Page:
Vacaspati, Vācaspati: 12 definitions


Vacaspati means something in Hinduism, Sanskrit, Marathi, Hindi. If you want to know the exact meaning, history, etymology or English translation of this term then check out the descriptions on this page. Add your comment or reference to a book if you want to contribute to this summary article.

Alternative spellings of this word include Vachaspati.

In Hinduism

Purana and Itihasa (epic history)

[«previous next»] — Vacaspati in Purana glossary
Source: Cologne Digital Sanskrit Dictionaries: The Purana Index

1a) Vācaspati (वाचस्पति).—Bṛhaspati (s.v.) who by means of propitiatory ceremonies to planets, etc., disillusioned Raji's sons and won back the kingdom for Indra;1 worship of.2

  • 1) Matsya-purāṇa 24. 44-9.
  • 2) Ib. 73. 7.

1b) The name of Vyāsa of the 21st dvāpara; Dāruka avatār of the Lord.*

  • * Vāyu-purāṇa 23. 194.
Purana book cover
context information

The Purana (पुराण, purāṇas) refers to Sanskrit literature preserving ancient India’s vast cultural history, including historical legends, religious ceremonies, various arts and sciences. The eighteen mahapuranas total over 400,000 shlokas (metrical couplets) and date to at least several centuries BCE.

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Shaktism (Shakta philosophy)

[«previous next»] — Vacaspati in Shaktism glossary
Source: Google Books: Manthanabhairavatantram

Vācaspati (वाचस्पति) refers to the “Lord of Speech”, according to the Kulakaulinīmata verse 4.136-140.—Accordingly, “The goddess Nityā is always white and, completely full, resides in the circle of the moon. She is adorned with a rosary of crystal and a book. She is in the middle of a forest of Kadamba trees and enters into one’s own body. The principle (over which she presides) is between the vital breath and is located above (Śiva) the Tranquil One. One should repeat it along with emission at the beginning and end of the Vidyā. One should make it enter with the force of a river carrying along with it all the scriptures. Once placed within the heart, one becomes the Lord of Speech (vācaspati) himself. He knows all that is made of speech and contemplates the principle which is the meaning of all written prose. O great goddess! By reciting it a 100,000 times a man becomes a (great) poet”.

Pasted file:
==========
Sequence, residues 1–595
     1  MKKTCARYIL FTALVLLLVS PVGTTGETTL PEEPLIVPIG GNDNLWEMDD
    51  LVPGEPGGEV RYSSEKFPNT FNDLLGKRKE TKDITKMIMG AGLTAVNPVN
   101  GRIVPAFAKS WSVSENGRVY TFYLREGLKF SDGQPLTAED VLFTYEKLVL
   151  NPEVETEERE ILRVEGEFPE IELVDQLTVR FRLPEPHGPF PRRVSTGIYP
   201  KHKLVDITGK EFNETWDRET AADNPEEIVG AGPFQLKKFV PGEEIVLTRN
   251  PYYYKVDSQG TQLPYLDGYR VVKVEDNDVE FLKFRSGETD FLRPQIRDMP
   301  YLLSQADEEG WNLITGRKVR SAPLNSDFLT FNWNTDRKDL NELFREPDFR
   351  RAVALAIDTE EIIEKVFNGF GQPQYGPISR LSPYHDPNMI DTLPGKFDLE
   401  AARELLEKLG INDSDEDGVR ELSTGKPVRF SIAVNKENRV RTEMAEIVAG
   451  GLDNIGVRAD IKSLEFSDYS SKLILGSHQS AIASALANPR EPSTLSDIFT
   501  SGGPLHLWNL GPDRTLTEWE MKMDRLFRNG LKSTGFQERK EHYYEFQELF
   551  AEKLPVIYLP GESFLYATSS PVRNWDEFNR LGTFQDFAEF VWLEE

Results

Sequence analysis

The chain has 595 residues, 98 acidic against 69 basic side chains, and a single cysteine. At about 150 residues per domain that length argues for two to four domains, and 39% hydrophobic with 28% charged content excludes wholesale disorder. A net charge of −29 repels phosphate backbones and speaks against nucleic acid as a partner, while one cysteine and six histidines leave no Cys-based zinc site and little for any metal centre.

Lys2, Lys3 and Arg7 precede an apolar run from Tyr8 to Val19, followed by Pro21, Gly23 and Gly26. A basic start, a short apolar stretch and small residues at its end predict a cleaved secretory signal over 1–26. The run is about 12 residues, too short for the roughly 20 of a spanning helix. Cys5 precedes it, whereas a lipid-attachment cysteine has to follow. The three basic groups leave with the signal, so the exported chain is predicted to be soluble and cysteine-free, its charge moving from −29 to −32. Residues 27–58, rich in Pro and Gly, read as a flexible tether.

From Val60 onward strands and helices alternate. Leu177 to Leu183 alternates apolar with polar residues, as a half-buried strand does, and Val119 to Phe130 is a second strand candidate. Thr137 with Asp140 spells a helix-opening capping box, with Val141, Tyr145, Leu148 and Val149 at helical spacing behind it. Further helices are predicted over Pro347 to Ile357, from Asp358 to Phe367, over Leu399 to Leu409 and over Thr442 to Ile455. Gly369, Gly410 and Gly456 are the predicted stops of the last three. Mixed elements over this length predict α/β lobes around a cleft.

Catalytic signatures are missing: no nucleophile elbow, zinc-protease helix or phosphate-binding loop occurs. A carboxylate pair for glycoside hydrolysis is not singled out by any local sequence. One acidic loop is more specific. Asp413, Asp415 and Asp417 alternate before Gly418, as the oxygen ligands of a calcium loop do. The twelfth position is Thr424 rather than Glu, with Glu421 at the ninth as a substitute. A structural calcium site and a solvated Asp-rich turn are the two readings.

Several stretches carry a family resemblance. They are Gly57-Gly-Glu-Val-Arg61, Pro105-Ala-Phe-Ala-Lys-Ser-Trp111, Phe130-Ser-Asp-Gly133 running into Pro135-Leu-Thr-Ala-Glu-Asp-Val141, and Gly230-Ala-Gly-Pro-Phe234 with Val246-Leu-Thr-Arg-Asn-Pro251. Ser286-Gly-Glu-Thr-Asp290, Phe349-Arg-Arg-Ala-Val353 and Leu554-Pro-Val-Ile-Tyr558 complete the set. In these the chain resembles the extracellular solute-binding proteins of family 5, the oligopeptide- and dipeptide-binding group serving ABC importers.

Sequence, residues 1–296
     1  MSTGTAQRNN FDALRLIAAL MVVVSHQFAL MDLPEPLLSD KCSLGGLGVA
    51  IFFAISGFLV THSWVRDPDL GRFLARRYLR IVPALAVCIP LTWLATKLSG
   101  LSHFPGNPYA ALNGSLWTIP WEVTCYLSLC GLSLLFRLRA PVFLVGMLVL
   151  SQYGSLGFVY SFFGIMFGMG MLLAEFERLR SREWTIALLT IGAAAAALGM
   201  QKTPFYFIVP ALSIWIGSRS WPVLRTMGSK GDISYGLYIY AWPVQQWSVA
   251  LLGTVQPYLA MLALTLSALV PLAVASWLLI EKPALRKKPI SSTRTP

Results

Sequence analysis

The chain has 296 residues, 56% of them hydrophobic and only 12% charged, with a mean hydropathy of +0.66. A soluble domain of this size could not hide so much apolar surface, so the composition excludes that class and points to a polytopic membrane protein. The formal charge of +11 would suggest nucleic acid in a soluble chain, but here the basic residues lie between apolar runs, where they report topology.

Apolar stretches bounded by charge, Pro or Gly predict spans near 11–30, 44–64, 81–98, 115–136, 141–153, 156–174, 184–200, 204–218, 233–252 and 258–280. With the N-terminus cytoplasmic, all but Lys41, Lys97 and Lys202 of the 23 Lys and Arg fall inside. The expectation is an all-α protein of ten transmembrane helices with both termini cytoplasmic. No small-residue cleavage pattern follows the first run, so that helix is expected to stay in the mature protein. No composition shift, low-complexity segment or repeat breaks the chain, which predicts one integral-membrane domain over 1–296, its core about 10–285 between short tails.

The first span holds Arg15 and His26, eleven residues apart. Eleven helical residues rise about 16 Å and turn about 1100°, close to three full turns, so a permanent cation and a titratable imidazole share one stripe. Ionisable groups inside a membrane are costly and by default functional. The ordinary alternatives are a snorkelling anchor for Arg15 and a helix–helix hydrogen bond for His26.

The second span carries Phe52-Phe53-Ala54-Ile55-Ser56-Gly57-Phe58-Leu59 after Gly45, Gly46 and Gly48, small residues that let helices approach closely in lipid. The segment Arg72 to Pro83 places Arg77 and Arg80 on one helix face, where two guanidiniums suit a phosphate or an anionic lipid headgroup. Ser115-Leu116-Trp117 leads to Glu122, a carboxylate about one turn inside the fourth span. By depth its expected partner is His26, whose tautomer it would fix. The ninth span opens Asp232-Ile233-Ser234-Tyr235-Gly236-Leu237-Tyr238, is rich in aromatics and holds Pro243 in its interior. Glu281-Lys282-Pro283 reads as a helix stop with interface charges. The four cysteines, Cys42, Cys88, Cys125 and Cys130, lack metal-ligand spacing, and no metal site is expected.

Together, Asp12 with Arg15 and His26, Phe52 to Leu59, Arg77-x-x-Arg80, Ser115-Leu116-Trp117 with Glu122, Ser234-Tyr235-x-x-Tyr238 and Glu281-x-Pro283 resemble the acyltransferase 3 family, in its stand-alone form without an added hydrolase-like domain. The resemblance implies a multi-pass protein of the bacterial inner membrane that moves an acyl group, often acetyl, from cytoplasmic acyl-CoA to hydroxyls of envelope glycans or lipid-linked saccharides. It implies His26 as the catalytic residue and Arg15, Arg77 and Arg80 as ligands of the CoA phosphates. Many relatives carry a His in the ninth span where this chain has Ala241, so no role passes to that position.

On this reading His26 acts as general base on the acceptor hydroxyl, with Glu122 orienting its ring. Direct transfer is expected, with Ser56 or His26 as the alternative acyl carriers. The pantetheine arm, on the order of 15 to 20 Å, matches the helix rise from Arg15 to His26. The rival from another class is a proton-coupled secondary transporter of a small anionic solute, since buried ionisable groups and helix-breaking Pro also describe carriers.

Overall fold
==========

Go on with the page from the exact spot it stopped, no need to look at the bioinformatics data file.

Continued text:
Shaktism book cover
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Shakta (शाक्त, śākta) or Shaktism (śāktism) represents a tradition of Hinduism where the Goddess (Devi) is revered and worshipped. Shakta literature includes a range of scriptures, including various Agamas and Tantras, although its roots may be traced back to the Vedas.

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Languages of India and abroad

Marathi-English dictionary

[«previous next»] — Vacaspati in Marathi glossary
Source: DDSA: The Molesworth Marathi and English Dictionary

vācaspati (वाचस्पति).—m (S) A name of bṛhaspati, the regent of the planet Jupiter and preceptor of the gods.

context information

Marathi is an Indo-European language having over 70 million native speakers people in (predominantly) Maharashtra India. Marathi, like many other Indo-Aryan languages, evolved from early forms of Prakrit, which itself is a subset of Sanskrit, one of the most ancient languages of the world.

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Sanskrit dictionary

[«previous next»] — Vacaspati in Sanskrit glossary
Source: DDSA: The practical Sanskrit-English dictionary

Vācaspati (वाचस्पति).—[vācaḥ patiḥ ṣaṣṭhaṣaluk]

1) The lord of speech', an epithet of Bṛhaspati, preceptor of the gods; अविज्ञात- प्रबन्धस्य वचो वाचस्पतेरपि । व्रजत्यफलताम् (avijñāta- prabandhasya vaco vācaspaterapi | vrajatyaphalatām) Kirātārjunīya 11.43; also वाचसांपतिः (vācasāṃpatiḥ).

2) The constellation Puṣya.

3) An orator.

4) The Veda; ततो वाचस्पतिर्जज्ञे तं मनः पर्यवेक्षते (tato vācaspatirjajñe taṃ manaḥ paryavekṣate) Mahābhārata (Bombay) 14. 21.9.

5) Name of a lexicographer.

Derivable forms: vācaspatiḥ (वाचस्पतिः).

Source: Cologne Digital Sanskrit Dictionaries: Shabda-Sagara Sanskrit-English Dictionary

Vācaspati (वाचस्पति).—m.